6 Tips to Stay Motivated Throughout the School Year
It’s a marathon, not a sprint, says an expert who offers advice to help students, teachers, and parents build motivation that will go the distance.
For many students and teachers, the start of the new school year has added a new set of challenges to the big ones they’ve already been dealing with for nearly two and a half years. And though it may be simple enough to “switch on” motivation to get things done in the short term, sustaining it throughout the entire year is a different matter, according to a researcher at the University of Alberta.
To help prepare students and teachers for the year ahead, Lia Daniels, professor in the Department of Educational Psychology shares a few tips and tricks to strengthen motivation for the long haul.
1. Praise the process, not the person
When it comes to giving students a boost as they battle with their motivation during tough stretches, Daniels recommends avoiding phrases like, “You’re so smart,” noting that this kind of “person praise” can be damaging to motivation.
“Sometimes when we praise people, it starts to become tied to identity and self-worth,” she explains. This can cause issues if a student encounters a situation that’s more difficult. Suddenly, they don’t just doubt their ability to complete that task — they begin to doubt everything about who they are, causing their motivation to plummet.
Instead, shift your praise to statements that focus on the process, such as, “You worked really hard on that,” or, “I can see you invested a lot of time in this.” These are more helpful for building long-term motivation.
2. Cultivate a growth mindset
People with a growth mindset believe their abilities and skills can grow and change over time, whereas those with a fixed mindset assume that’s just not possible.
“A lot of motivation exists in our heads. It’s our thoughts, our thought processes, that influence the decisions we make,” she says. For example, a child who feels they’ve never been and never will be good at mathematics may struggle in math class because of their fixed mindset. A child who is at the same general skill level at the start of the semester but who believes they can learn the concepts, even if in a different way or in a different time frame than their peers, will progress more and be more motivated to do so.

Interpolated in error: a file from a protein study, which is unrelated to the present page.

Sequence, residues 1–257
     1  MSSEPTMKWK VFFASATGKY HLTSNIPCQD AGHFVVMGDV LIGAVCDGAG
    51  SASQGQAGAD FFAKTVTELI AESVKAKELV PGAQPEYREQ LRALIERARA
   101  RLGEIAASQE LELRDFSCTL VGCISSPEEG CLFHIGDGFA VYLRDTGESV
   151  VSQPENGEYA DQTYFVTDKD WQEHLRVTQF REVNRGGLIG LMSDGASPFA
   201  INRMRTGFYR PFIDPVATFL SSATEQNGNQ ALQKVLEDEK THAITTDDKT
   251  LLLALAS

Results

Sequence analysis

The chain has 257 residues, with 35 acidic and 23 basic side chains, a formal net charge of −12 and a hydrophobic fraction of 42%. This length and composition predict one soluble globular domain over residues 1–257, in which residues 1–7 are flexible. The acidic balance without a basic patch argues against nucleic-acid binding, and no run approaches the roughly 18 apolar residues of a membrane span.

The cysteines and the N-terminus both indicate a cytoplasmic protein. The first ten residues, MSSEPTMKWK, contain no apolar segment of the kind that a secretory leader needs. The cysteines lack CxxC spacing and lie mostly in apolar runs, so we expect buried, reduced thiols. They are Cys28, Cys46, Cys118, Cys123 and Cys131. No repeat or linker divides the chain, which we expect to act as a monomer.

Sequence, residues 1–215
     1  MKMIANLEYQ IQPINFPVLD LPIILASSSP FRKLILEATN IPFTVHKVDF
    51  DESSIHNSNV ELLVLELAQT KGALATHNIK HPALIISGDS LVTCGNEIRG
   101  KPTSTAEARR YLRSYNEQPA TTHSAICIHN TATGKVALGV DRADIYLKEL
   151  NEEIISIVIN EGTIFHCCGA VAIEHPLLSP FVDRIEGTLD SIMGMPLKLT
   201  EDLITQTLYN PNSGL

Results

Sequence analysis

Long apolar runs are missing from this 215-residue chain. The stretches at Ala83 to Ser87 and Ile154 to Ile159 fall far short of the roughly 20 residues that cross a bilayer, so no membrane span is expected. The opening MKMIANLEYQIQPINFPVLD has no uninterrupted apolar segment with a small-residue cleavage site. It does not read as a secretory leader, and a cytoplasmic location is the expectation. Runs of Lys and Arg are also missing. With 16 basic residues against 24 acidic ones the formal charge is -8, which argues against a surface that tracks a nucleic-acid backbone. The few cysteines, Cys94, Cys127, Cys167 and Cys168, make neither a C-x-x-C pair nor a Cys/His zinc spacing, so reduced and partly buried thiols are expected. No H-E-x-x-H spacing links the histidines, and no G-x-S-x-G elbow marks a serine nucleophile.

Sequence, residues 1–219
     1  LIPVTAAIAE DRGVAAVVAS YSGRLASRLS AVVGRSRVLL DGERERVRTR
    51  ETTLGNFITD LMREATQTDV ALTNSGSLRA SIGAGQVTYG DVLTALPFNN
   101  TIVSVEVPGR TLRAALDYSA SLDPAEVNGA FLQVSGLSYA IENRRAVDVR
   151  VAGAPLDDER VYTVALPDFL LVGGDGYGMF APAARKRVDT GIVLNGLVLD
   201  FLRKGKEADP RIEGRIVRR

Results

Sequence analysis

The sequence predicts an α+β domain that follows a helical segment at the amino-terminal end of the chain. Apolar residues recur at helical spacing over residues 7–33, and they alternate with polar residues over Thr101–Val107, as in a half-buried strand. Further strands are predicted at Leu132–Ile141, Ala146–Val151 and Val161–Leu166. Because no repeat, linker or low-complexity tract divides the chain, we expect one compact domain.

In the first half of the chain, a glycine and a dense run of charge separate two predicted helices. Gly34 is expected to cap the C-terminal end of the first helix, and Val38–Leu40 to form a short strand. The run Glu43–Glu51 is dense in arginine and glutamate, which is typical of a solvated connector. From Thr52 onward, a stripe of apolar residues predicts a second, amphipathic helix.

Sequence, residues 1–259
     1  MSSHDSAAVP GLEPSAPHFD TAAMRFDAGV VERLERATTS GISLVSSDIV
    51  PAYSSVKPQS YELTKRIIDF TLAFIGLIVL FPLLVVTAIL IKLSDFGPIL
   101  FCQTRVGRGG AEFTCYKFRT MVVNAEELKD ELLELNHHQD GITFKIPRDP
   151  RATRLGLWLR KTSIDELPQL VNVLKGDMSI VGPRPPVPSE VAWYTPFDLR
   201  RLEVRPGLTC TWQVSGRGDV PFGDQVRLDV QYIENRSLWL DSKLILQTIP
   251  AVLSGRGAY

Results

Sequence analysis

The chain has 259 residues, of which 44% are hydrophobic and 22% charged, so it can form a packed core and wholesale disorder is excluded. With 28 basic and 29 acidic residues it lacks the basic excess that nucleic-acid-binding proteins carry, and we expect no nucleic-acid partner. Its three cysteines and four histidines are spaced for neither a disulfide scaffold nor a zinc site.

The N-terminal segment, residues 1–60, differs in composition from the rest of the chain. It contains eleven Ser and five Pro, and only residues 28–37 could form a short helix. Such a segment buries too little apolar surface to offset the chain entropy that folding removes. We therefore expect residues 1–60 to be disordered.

3. Prioritize motivation from within
Intrinsic motivation is more effective in the long term. “Extrinsic motivation is anytime we bring something external to a student to get them to do something,” she explains. To build intrinsic motivation, three basic psychological needs must be met: competence, autonomy, and relatedness.
Competence involves “giving students an opportunity to feel like they are growing and making progress, having the right level of challenge.”
Autonomy is a matter of cultivating an environment where students have a choice, even if it’s something simple.
Relatedness is the process of teachers wanting to know more about their students and learn about who they are.
4. Know there’s a time and place for extrinsic motivation
Daniels notes that extrinsic motivation can be effective in certain scenarios when a little boost is needed but should be used sparingly. “If the intrinsic motivation is not online, sometimes we need to use external things to trigger it, to bring it online, and then peel them back a little bit and replace them with this basic psychological satisfaction.”
One reason external motivators are less effective is that we’re always weighing them to determine whether the reward is worth the effort — and the goalposts often change because “kids are really smart,” says Daniels. One week, a single cookie might be enough to convince them to do their homework, but the price might go up to two cookies the following week. This kind of weighing doesn’t occur with intrinsic motivation, which is why it’s a more solid foundation for long-term motivation.
5. Appeal to interests
Whenever possible, try to find ways to involve students’ interests in an area they’re struggling to find motivation in, advises Daniels. “The more you can attach whatever it is you have to do to something you actually like doing, the easier it is to stay motivated.
6. Go with the ebbs and flows
In a marathon, giving 100% of your effort looks different at various points — there are certain stretches where you’ll slow down a bit and others where you kick it into high gear, but such adjustments are a strength not a weakness of motivation. That’s also the case during the school year, according to Daniels.
“You’re going to ebb and flow in your motivation. It’s OK to have some days where you’re not super enthused about things. You’ve just got to not let it plow you over.”
When you’re struggling with motivation, sometimes it’s best to take a step back rather than trying to push through at any cost. “Like everything, motivation is a finite resource. The cost of continuing to invest effort in something that is a bad fit can take a toll in other areas. Giving yourself a break and some space is OK.”
Staying motivated throughout the entire school year can be challenging, but with your long-term goals in mind, you’re more likely to succeed. Follow these tips so you can set yourself up for success this year.
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